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I worked in the hospitality industry in a few different locations, but one of the stranger ones was at the Hyatt Regency Miami. We had people from Brazil mostly, but some other South American countries that would check in with one very light but large soft side suitcase. And 3 days later when they checked out they would have the large suitcase completely full of newly purchased clothes and items. Plus they had filled a medium and small soft side suitcase that had been nested inside the larger one full too. It was like Russian Matryoshka dolls, one inside the other, but now they were filled chockablock full of clothes. And car parts. And lawn sprinklers. And blenders. And, yes, one day, a kitchen sink. Well actually, it was a bathroom vanity sink, but kitchen sounded better.
I'm laughing at your post. Without getting into too much of a tangent this is how many Canadians travelled to the US not that many years ago. I may have even been guilty. Possibly not as extreme as your example, but trust me - there are reasons.
 

railiner

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I worked in the hospitality industry in a few different locations, but one of the stranger ones was at the Hyatt Regency Miami. We had people from Brazil mostly, but some other South American countries that would check in with one very light but large soft side suitcase. And 3 days later when they checked out they would have the large suitcase completely full of newly purchased clothes and items. Plus they had filled a medium and small soft side suitcase that had been nested inside the larger one full too. It was like Russian Matryoshka dolls, one inside the other, but now they were filled chockablock full of clothes. And car parts. And lawn sprinklers. And blenders. And, yes, one day, a kitchen sink. Well actually, it was a bathroom vanity sink, but kitchen sounded better.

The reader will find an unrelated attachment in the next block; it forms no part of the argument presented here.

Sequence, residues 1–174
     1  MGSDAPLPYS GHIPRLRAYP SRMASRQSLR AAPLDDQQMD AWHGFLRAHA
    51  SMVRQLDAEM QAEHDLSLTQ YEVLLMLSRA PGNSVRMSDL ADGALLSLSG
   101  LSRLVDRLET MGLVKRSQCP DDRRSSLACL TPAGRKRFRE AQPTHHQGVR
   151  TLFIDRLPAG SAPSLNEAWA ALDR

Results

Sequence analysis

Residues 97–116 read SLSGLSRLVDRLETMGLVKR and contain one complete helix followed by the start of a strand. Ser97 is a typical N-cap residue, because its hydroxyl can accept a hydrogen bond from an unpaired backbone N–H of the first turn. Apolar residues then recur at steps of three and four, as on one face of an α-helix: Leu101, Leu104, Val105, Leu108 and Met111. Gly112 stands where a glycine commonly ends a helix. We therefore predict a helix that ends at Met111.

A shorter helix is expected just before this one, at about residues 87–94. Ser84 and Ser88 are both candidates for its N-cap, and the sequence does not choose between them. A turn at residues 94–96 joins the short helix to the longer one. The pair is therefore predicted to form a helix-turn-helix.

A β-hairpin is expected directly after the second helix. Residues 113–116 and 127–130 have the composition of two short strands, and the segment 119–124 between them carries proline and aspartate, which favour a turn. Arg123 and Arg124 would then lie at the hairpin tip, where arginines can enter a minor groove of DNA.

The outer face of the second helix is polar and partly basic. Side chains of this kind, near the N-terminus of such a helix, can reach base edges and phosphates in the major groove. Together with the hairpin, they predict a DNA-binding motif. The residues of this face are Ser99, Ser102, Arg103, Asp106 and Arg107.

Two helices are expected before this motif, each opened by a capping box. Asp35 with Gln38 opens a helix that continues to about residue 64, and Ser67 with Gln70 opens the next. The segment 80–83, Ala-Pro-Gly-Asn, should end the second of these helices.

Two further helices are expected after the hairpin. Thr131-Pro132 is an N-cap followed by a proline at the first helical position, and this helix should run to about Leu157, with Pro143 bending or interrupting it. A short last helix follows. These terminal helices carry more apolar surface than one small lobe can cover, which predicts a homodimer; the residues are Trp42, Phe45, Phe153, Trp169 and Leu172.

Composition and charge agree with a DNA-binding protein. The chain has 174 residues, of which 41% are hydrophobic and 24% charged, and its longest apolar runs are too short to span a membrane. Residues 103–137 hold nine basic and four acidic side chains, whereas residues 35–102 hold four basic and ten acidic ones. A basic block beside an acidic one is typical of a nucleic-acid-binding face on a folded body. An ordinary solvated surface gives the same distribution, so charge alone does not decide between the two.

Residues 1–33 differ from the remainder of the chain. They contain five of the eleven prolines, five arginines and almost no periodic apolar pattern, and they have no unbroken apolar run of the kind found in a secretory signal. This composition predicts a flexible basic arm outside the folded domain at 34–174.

It was like that at the old AA terminal at JFK, too. It got so bad, that AA installed these large shrink wrap machines for passengers to reinforce their overpacked baggage, prior to checking them. That was prior to 9-11, and TSA inspection...
During the busier times of year, AA placed an embargo on checking excessive baggage, even for extra fees, to certain Caribbean destinations...